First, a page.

A 1982 Government of Canada document entitled "Elimination of Sexual Stereotyping"1 defines sexual stereotyping as "the use of words, actions, and graphic material that assigns roles or characteristics to people solely on the basis of gender, and without regard for the intrinsic potentials of women and men" and goes on to state that it is the policy of the Government to eliminate sexual stereotyping from all government communications.
Given that communications have a cumulative impact on people’s perceptions, behaviour and aspirations, that most communications reach an audience composed equally of women and men, and that women are the prime target of sexual stereotyping, the document provides a number of guidelines for written communications.
In 1990, the Government of Canada issued "Fair Communication Practices,"2 guidelines to eliminate sexual stereotyping and to ensure the fair and representative depiction of ethnic and visible minorities, Aboriginal peoples and people with disabilities. The guidelines are based on the principle that "all individuals, irrespective of gender, ancestry and ethnic origin or disability, are and must be portrayed as equally productive and contributing members of Canadian society." They are intended to help correct biases and stereotypes that constitute barriers to full participation in society. In practical terms, they require that material "be reviewed to eliminate words, images and situations that reinforce erroneous preconceptions or suggest that all or most members of a racial or ethnic group have the same stereotypical characteristics."
This chapter lists many of the stereotyping problems covered in the two federal government documents and in other pertinent material, and shows how those problems can be solved. The objective in each case is to ensure the equal treatment of men and women in written material, to depict all individuals as fully participating members of society, and to eliminate preconceived ideas about their functions and attributes.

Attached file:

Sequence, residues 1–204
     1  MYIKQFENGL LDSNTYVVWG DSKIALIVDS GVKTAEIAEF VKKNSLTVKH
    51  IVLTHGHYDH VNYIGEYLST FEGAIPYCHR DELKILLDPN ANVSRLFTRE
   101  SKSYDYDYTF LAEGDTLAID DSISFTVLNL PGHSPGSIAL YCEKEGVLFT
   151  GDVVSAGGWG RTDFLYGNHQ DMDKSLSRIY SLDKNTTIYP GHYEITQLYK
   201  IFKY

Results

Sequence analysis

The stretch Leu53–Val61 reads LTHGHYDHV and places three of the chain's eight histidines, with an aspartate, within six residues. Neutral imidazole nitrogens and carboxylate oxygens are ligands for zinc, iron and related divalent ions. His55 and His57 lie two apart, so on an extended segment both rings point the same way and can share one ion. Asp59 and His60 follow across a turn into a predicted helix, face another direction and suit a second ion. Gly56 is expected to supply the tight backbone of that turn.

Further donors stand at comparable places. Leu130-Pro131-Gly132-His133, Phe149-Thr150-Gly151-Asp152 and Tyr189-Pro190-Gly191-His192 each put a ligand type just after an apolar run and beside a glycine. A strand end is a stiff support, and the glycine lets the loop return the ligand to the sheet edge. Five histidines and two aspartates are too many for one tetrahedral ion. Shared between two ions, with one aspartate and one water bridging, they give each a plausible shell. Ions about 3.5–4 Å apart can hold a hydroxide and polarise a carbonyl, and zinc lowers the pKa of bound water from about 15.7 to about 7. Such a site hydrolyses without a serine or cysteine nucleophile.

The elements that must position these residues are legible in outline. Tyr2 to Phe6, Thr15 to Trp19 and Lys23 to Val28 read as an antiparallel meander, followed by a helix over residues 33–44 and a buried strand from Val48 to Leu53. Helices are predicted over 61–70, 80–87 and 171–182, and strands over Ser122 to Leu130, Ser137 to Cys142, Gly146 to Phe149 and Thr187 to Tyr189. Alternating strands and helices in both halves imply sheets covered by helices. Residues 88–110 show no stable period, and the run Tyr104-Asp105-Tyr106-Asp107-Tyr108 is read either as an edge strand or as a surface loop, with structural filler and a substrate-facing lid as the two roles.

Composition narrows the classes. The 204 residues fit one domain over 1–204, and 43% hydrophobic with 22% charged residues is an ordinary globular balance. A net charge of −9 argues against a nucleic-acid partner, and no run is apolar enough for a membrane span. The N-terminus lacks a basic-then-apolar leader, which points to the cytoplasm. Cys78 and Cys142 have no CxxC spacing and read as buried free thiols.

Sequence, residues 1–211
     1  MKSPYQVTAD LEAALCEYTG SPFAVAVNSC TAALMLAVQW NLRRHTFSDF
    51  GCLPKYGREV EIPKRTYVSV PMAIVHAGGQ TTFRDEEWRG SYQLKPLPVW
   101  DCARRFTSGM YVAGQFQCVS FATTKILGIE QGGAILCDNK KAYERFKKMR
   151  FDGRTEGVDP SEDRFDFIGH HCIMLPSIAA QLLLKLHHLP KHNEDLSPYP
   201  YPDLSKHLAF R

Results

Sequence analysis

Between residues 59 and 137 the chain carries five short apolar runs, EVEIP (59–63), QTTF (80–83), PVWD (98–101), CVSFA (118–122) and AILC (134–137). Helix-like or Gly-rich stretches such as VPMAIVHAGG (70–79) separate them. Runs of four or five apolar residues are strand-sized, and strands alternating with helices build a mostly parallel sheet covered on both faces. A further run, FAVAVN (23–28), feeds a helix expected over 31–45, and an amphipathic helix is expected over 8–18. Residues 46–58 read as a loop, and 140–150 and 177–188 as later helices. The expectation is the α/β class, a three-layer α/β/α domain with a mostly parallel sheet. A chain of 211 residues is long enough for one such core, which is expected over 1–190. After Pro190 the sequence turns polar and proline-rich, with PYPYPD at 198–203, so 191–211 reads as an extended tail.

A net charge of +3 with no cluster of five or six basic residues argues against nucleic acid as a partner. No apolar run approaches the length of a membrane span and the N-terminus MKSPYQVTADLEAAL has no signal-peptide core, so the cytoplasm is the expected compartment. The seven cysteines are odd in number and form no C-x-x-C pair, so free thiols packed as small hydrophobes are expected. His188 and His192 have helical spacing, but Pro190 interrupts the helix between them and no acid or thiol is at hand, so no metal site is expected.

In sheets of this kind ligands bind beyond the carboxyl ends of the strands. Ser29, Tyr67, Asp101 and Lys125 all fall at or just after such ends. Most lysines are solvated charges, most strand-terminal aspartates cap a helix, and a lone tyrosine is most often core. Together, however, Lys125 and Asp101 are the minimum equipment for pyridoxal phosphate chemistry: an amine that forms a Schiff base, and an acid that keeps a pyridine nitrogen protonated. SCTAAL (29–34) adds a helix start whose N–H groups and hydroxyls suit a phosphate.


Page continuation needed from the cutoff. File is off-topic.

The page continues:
Ultimately, the issue boils down to one of courtesy and respect for all, regardless of gender, origin or disability.
The form preferred or used by the person being addressed or referred to should be retained if it is known. Otherwise, the following guidelines should be applied in order to ensure uniform and equal treatment of the sexes.
Dear Ms. Samuels:
Dear J. D. Simmonds:
Where the name of the addressee is not known, use the form "Dear Sir/Madam" or "Dear Madam or Sir."
Dear Members of the Rotary Club:
To the Consumer Relations Department:
To whom it may concern:
An alternative is to use the memo format and omit the salutation.
See also 10.17 Salutation or greeting.
When the names of a woman and man are mentioned together, use parallel language so that men and women are portrayed as equals:
Ensure parallel treatment of couples:
Ensure parallel treatment of work associates:
Alternate order of reference so that one sex is not always given second place:
In distribution and other lists, use alphabetical order or list according to rank.
Because English lacks a singular pronoun that signifies the non-specific "he or she," customarily the masculine pronoun has been used. The following guidelines help to avoid this usage.
The section chief is responsible for maintaining good relations with clients and ensuring that deadlines are met.
The section chief is responsible for maintaining good relations with his clients. He ensures that deadlines are met.
An employee must file a grievance within the prescribed time limit. The employee’s union representative will usually be involved at this stage of the process.
An employee must file a grievance within the prescribed time limit. His union representative will usually be involved at this stage of the process.
All responsibility centre managers must prepare their own work plans.
Each responsibility centre manager must prepare his own work plans.